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Friday, May 6, 2016

'Footloose' is fun retro frolic

Thursday, February 18, 2010

(Photo)
(Courtesy of Beef and Boards)d
INDIANAPOLIS -- Any self-respecting child of the 80s is familiar with the plot of the 1984 motion picture "Footloose."

We know the story of Ren McCormack, the hip Chicago kid who is transplanted to the tiny town of Bomont -- where the Rev. Shaw Moore dictates all the rules and where dancing is strictly forbidden.

I went to the theater with my mom to see "Footloose" when I was 14. From the first time I saw Kevin Bacon, Lori Singer, Sarah Jessica Parker and Christopher Penn burn up the dance floor with their funky moves, the film has been on my Top 10 of All Time list.

The first performance of the stage musical adaptation of "Footloose" took place in 1998. I'd always kind of wanted to see it, but I was afraid there was no way it could measure up to the movie.

After all, how in the world would you recreate the scene where Kevin Bacon and the town bad guy played chicken with tractors?

I finally gave in and went to see "Footloose" at Beef & Boards Dinner Theatre in Indianapolis this past weekend.

I was pleasantly surprised.

Most of the songs from the movie found their way into the musical, including "Footloose" and "I'm Free," both originally performed by Kenny Loggins; "The Girl Gets Around," originally performed by Sammy Hagar; "Somebody's Eyes," originally performed by Karla Bonofff; "Holding Out for a Hero," originally performed by Bonnie Tyler; "Let's Hear it For the Boy," originally performed by Deniece Williams; and "Almost Paradise," originally performed by Ann Wilson of Heart and Mike Reno of Loverboy.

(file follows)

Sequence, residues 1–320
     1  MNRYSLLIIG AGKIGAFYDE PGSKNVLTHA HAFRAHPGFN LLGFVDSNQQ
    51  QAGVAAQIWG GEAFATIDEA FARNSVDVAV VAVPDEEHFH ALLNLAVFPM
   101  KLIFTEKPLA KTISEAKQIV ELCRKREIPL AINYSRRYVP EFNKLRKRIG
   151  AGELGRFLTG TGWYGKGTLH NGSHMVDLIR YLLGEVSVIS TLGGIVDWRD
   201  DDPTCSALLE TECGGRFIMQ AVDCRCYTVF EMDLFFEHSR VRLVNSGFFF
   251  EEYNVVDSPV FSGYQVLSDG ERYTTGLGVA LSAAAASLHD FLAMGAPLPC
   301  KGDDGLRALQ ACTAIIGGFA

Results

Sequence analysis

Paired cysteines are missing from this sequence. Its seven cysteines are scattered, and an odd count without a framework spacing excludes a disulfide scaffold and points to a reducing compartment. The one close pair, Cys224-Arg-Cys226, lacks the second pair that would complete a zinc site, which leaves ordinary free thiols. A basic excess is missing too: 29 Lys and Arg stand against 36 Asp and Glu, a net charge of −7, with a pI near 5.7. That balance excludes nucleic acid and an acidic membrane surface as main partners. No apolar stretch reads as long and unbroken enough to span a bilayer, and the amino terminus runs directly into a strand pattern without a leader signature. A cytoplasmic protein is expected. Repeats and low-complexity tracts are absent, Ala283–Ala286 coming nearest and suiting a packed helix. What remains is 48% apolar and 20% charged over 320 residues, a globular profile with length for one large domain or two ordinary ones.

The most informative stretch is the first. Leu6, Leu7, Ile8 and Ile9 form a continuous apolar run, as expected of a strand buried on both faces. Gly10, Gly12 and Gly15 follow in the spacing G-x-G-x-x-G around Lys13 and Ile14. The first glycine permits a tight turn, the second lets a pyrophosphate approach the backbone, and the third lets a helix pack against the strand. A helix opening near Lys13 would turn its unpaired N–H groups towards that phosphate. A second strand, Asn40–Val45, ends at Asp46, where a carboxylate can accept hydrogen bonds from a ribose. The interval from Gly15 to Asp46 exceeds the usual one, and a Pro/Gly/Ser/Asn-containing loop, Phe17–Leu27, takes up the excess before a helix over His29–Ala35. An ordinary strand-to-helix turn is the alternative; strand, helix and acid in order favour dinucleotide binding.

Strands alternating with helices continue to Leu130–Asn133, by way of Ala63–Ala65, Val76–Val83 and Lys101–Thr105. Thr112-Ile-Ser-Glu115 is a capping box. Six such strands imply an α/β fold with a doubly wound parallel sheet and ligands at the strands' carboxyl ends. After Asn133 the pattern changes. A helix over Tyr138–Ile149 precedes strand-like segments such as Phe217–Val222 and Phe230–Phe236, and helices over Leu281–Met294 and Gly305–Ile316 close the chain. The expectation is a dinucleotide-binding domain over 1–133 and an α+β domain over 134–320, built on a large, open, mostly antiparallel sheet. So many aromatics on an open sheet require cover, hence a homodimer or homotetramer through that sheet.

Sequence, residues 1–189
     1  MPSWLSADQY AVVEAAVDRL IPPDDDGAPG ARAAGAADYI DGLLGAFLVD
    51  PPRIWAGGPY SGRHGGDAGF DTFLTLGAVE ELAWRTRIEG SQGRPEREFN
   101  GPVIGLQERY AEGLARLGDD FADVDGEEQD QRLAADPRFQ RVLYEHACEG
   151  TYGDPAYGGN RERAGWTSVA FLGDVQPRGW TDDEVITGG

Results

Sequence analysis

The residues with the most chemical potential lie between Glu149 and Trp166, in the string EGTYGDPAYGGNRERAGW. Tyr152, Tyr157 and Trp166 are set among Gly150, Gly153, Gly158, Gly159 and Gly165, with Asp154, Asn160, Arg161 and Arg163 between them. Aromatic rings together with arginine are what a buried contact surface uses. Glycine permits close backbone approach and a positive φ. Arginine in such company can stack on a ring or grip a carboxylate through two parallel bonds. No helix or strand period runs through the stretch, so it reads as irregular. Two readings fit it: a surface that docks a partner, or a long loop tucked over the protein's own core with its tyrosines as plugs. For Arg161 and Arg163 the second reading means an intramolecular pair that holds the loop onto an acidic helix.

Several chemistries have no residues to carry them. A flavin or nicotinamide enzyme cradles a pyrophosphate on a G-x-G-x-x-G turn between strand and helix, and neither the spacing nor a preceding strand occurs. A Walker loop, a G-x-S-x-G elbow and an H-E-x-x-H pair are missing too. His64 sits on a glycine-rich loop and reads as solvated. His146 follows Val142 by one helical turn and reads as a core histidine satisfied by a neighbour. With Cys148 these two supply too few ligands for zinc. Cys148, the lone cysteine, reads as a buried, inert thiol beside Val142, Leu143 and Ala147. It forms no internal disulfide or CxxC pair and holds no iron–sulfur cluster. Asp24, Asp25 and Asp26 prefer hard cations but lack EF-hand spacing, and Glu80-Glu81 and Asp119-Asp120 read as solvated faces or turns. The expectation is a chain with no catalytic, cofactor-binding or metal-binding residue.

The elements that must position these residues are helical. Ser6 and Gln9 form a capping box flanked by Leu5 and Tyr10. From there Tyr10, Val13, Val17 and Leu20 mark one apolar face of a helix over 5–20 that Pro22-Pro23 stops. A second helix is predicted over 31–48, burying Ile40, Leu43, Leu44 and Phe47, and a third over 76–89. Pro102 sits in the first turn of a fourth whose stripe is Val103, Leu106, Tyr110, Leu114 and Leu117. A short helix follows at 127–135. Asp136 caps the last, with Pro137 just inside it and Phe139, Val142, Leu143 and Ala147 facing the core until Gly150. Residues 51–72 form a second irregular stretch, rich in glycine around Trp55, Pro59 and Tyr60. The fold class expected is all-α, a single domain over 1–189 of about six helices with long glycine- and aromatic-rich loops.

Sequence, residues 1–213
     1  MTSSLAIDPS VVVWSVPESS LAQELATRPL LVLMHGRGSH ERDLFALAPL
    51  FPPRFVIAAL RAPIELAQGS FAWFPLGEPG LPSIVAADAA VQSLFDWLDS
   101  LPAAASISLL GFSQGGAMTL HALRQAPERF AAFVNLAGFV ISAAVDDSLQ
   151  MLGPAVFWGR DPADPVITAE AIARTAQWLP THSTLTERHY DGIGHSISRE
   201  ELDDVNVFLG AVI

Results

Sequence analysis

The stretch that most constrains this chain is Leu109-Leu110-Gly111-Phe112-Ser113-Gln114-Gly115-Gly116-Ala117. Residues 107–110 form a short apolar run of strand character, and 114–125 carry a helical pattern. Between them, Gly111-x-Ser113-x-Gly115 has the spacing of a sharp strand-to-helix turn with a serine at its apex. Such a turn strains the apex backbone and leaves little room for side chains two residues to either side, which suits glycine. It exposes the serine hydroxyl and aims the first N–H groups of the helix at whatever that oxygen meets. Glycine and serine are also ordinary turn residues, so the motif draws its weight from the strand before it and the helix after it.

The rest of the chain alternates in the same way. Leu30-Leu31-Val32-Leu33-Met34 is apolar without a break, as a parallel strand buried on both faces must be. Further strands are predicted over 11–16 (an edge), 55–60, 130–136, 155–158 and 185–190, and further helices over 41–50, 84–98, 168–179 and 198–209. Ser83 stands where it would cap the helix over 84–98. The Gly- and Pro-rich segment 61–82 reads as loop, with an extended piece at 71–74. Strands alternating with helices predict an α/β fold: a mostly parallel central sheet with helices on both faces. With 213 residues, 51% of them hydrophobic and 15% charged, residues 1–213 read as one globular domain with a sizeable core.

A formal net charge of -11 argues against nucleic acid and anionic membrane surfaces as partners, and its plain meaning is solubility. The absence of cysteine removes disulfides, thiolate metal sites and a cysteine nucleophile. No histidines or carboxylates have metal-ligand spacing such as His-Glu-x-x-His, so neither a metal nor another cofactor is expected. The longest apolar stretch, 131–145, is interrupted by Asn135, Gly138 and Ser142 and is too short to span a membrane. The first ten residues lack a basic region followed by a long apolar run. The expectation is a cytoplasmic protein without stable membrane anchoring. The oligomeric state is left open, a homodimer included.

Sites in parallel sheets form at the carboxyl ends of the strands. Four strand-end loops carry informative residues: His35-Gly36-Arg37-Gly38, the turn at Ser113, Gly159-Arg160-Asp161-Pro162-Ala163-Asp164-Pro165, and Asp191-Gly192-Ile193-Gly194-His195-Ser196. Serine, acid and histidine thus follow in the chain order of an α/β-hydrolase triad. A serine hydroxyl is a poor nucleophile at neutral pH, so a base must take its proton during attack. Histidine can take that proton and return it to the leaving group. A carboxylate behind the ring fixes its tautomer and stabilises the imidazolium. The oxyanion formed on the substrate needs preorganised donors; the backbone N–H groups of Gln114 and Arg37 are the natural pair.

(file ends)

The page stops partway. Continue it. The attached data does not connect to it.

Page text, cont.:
In the lead role of Ren, Dominic Sheahan-Stahl strikes a great balance between Ren's big-town cockiness and teenage angst. He is a fine singer, but his real strength is his dancing. He lights up the stage, and when he dances you're unable to take your eyes off him.

There was no tractor scene. In the movie, that scene was set to the driving beat of "Holding Out for a Hero." In the play, the song is sung by Rev. Moore's daughter Ariel, portrayed in the Beef & Boards production by Erin P. West.

West infuses the rebellious, misunderstood Ariel with just enough chutzpah to make her no pushover, but just enough sensitivity to keep her likable.

Like the movie, the play relies heavily on the supporting cast. In the movie, Ren's best friend Willard, a clumsy, socially inept country bumpkin, steals the show in some scenes, and the same is true in the play. Happy Mahaney is perfect in the role.

Other standouts are the three actresses who play Ariel's best girlfriends -- Amanda Lawson as Rusty (who has easily the strongest singing voice in the cast), Da'Keisha N. Brayant as Wendy Jo and Cara Noel Antosca as Urleen.

Ariel's parents, the Rev. Shaw and his wife Vi, are played by Eddie Curry and Janet Essenpreis, and they do a great job of projecting their struggles within their marriage and with regard to their headstrong daughter. Ren's mother Ethel is played by Megan McKinney, who is wonderful in the role.

Putnam County folk should keep their eyes peeled for Adam Chandler, who plays the chorus role of Lyle. Chandler is a Greencastle native and a graduate of Cascade High School.

The cast was costumed in authentic 1980s garb -- polo shirts with popped collars, t-shirts bearing Atari and Mountain Dew logos, short denim skirts with red leather boots. Someone very familiar with that time period obviously did the costumes, and it added a lot of the show.

"Footloose" runs at Beef & Boards through March 21. A combination of evening and matinee performances are scheduled. Tickets range from $35 to $58 and include a phenomenal buffet dinner.

For details on "Footloose" and other upcoming productions, visit www.beefandboards.com.



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